My result was INFJ, a role categorized as the Counselor, by David Keirsey in his Keirsey Temperament sorter. It’s all very interesting and I may make a more detailed post about it later if you’re interested!

It shocks me how human beings feel the need to categorize ourselves. Be in by gender, sexuality, or personality type, we as human beings more often than not, in my opinion, enjoy belonging somewhere, even if its just a simple category that means next to nothing at all.

I promise more posts about actual Japan soon!

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The infurating rigidity of the Japanese Education System

The rigidity to which JTEs (Japanese Teachers of English) stick to their English textbooks is sometimes frightening. With the second years away on their annual trip to Kyoto – a trip which I really would have loved to go on- the school is quiet, and the desks around me empty. The JTE who sits to my right has left me to stew in silence, with no second years to teach, and no third year classes to speak of, I am left with the first years. Ah, darling middle school first years. Children who are trying so hard to fit into adult clothing and bearing the weight of a uniform for the first time. I find the attitude of the first years to have the largest variation, in this school anyway. Despite my initial fear of teaching them, I always feel happy after my classes, especially now that I can recall some of them by their faces, knowing who they outside of the classroom. With no classes yesterday afternoon and just two classes today in 5th and 6th period, I decided to plan a fun sort of game for them which practices ‘he/she/I/we/they’ etc. So the task goes like this; they all write their names on a scrap of paper, mix them together and then pull a name out of a hat, and by hat, I mean the tote bag I use to carry my lunch and files to school. Once they have a name of a classmate, they write three things about them; a descriptive fact, a like of theirs and a random fact to finish. When their name is called, the student will stand and present these facts while rest of the class do their best to guess who the person is describing. It’s a pretty simple task, exercising their writing, speaking and listening skills. I even put a cute little clip art on their worksheet. I always take their level into consideration, not wanting to stress them out by doing tasks  that are far so out of their reach they loose confidence. And so, considering they are already half way through their first year, I felt like this was a nice,easy task which I could help with if they hit a snag.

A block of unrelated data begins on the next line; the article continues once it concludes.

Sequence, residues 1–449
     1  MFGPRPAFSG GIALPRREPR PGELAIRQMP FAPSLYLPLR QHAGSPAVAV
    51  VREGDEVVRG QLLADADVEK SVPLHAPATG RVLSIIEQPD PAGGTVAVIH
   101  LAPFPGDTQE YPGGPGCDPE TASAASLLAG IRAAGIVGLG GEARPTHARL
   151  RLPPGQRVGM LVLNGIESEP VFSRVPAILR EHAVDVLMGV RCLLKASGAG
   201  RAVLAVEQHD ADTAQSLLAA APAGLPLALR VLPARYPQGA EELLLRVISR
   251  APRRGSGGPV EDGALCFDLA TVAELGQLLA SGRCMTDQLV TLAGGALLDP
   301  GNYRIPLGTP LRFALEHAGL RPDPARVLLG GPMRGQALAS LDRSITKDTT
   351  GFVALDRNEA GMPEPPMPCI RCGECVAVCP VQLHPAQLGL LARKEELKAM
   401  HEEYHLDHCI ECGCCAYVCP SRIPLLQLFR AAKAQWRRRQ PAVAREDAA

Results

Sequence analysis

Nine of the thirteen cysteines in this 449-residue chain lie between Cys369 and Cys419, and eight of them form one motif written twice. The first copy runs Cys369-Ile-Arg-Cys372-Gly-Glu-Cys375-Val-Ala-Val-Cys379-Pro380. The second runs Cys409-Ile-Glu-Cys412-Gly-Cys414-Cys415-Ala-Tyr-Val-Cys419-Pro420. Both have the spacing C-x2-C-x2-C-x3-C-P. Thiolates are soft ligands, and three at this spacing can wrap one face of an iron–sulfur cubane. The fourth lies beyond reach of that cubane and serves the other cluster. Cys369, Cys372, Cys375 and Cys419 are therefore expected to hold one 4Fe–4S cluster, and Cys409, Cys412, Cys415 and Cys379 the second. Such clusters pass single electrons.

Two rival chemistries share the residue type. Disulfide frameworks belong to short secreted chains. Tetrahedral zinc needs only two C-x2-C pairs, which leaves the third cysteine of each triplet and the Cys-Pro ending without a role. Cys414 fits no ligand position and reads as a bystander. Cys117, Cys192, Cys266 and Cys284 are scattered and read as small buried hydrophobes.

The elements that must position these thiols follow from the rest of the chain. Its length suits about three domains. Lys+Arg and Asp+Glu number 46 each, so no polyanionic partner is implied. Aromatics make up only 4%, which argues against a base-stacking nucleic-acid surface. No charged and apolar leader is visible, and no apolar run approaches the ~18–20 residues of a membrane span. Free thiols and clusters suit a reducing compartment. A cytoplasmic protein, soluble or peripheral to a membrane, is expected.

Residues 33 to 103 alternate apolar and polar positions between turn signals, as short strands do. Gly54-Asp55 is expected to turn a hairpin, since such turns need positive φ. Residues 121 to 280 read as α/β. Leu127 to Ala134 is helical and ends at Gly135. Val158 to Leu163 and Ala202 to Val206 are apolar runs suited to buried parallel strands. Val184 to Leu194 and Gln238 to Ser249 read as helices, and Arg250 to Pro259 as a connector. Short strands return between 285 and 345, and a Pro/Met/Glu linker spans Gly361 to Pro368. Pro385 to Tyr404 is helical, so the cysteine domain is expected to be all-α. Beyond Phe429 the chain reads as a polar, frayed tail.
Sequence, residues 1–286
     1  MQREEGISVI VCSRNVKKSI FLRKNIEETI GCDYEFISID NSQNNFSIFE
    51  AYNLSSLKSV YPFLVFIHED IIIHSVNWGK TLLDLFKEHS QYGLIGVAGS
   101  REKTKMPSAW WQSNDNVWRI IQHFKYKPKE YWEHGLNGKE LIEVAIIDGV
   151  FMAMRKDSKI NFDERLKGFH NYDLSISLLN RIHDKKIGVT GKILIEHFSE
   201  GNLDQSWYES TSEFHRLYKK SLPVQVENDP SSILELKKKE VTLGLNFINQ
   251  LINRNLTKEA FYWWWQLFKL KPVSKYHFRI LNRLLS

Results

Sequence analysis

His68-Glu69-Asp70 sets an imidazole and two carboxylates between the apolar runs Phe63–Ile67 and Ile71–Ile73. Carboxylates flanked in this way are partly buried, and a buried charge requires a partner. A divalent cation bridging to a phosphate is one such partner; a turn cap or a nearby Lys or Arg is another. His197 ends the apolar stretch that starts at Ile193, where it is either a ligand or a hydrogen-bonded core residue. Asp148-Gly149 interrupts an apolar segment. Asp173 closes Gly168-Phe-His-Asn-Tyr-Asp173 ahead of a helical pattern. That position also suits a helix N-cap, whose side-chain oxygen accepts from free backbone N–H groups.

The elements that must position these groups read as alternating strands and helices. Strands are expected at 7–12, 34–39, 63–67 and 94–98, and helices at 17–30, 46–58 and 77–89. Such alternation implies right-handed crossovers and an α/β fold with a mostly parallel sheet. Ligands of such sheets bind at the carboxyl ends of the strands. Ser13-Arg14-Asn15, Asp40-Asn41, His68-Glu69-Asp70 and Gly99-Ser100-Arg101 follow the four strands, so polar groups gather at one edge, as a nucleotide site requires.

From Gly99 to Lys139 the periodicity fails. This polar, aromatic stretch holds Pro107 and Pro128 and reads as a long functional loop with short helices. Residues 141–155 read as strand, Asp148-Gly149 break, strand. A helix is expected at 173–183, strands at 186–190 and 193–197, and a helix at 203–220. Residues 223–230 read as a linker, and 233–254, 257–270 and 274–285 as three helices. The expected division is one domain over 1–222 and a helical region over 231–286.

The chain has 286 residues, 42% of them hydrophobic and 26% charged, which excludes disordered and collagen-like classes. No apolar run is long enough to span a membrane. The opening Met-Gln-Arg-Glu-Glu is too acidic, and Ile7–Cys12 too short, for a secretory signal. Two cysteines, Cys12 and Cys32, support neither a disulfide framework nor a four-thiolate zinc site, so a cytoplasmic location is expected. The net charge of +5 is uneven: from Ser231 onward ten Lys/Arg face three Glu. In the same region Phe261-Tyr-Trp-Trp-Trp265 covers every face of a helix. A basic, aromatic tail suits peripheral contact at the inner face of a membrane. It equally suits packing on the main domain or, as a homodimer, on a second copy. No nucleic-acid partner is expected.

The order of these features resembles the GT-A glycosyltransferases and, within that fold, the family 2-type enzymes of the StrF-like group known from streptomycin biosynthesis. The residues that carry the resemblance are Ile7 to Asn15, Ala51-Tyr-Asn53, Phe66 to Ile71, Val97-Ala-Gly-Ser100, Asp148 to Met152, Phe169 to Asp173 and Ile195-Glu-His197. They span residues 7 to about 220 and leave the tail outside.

The JTE who teaches the first years, however, makes me nervous. During one of our recently classes together she would repeat words after me in a more american accent when we were going over vocabulary, like my accent wasn’t valid, before stopping me form participating in the task all together. I wanted to cry and leave the room I was so angry. Not only was she silently telling me that my accent was neither desirable nor correct, but it also made me look like an idiot in front of the students, and I’m worried its lowered their confidence in me as someone who can help them with English. I want to be seen as a strong role model, as someone who can travel to a new country and find a job, making them feel like its something they could do to. That, and it kicked me right in my Welsh pride, which is something I am not okay with. So undermining me in front of the students was not something I was happy about. Anyway, back to topic.